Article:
Swiss airlines flying to the United States will have to hand over passenger data to the American authorities.
The Swiss government approved an accord with the US on Friday, saying it was acceptable from the point of view of data protection.
The agreement covers 34 items of information, including a person’s address, telephone number, seat number, the method of ticket payment and where the ticket was purchased.
But the deal does not include sensitive data such as medical information or dietary preferences. The accord will principally affect the national carrier, Swiss.
The agreement comes into force immediately and will run for three and a half years.
"As far as data protection is concerned it’s a good solution," said Célestine Perissinotto from the Federal Civil Aviation Office.
"Swiss carriers don’t have to supply detailed information about the eating habits or health of passengers.
"Airline companies in the European Union came to the same agreement with the US about a year ago."
For the past two years the US has been demanding data on all passengers flying into the country, as part of its fight against terrorism.
Up until now, Swiss airlines were exempt while both governments negotiated the terms under which passenger information could be handed over.
The Swiss transport ministry said it had managed to extract the same concessions from the US as those accorded to EU airlines in May 2004.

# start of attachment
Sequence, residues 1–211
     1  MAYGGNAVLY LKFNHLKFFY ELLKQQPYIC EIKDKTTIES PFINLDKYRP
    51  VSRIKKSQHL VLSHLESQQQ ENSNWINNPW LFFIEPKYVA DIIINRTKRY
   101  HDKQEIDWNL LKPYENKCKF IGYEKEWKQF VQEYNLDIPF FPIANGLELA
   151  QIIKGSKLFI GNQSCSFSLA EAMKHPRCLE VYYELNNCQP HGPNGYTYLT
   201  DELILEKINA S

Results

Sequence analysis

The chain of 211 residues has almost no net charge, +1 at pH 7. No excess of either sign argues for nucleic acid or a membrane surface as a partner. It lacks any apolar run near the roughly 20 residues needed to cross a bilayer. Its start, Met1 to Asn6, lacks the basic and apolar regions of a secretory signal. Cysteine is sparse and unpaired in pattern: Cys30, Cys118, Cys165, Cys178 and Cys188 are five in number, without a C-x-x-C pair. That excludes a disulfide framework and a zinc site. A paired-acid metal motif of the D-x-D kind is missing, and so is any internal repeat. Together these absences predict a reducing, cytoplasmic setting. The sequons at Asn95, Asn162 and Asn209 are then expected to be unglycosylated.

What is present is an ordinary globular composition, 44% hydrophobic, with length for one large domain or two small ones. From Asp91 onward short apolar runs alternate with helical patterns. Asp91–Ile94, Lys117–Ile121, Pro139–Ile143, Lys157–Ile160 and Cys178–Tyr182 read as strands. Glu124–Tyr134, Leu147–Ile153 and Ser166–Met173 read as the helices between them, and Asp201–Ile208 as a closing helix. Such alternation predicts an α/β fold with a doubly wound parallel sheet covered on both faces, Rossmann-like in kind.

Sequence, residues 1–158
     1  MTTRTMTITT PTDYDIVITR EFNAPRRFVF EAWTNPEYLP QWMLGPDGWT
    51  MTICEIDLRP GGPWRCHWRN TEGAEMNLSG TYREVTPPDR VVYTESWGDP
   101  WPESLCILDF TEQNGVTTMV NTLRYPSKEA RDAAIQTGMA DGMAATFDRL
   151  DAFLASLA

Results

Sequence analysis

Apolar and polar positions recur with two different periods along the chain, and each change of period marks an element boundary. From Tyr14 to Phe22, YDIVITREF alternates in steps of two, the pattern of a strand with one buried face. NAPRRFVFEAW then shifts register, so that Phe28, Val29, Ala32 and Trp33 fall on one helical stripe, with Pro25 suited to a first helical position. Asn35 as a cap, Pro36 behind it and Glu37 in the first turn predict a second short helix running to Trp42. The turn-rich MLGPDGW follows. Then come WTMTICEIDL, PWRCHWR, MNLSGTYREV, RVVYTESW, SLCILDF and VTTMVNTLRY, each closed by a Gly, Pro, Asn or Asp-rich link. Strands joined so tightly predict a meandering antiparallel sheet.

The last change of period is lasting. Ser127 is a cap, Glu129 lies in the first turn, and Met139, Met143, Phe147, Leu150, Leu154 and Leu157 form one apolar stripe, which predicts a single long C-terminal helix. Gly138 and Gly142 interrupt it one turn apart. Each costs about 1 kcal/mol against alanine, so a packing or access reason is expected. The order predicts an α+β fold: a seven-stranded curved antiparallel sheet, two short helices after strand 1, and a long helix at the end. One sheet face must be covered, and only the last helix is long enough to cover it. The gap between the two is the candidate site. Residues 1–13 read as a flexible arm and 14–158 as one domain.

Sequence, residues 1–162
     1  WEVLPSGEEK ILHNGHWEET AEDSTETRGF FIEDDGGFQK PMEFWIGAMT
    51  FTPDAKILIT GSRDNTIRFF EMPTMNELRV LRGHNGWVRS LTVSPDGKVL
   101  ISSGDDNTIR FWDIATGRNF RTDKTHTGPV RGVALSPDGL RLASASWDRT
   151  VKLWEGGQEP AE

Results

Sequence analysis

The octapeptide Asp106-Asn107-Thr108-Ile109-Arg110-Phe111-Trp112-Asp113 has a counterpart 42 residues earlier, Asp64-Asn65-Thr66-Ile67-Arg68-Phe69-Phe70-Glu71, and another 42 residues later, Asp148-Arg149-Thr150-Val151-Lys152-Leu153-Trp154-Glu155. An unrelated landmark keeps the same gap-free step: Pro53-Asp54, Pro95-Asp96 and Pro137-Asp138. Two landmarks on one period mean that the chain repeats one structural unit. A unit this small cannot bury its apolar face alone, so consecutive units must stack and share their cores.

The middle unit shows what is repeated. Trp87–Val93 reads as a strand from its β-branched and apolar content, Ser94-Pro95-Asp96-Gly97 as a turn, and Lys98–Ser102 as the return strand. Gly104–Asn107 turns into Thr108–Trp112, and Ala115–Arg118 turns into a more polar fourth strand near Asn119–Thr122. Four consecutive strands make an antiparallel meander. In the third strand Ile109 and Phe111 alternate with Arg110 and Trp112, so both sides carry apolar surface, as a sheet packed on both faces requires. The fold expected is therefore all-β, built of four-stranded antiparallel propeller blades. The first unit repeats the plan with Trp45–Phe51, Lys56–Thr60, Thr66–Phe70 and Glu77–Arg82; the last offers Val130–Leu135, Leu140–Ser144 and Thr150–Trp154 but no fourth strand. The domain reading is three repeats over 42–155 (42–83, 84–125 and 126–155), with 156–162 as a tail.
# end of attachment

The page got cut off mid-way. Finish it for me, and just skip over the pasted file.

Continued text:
Under the agreement, passenger data passed on to the US authorities can only be used in the fight against terrorism and international crime.
It can be stored for up to three and a half years, not the 50 years initially proposed by Washington.
The US will not have direct access to passenger information; Swiss airlines have been charged with handing over the information.
Under the agreement, passengers have to be informed when their personal data has been transmitted to the American authorities.
They can demand to see their personal files and to ask for corrections to be made.
The Swiss government has asked the transport ministry to negotiate a similar agreement with Canada.
Since October last year, the US has been taking photos and fingerprints of nationals from 27 countries allowed to travel in the country without visas for up to 90 days.
This is because most of the so-called "visa-waiver countries" would not meet an October deadline to have biometric passports in place.
These passports include fingerprint and iris identification features that make the documents virtually impossible to counterfeit.
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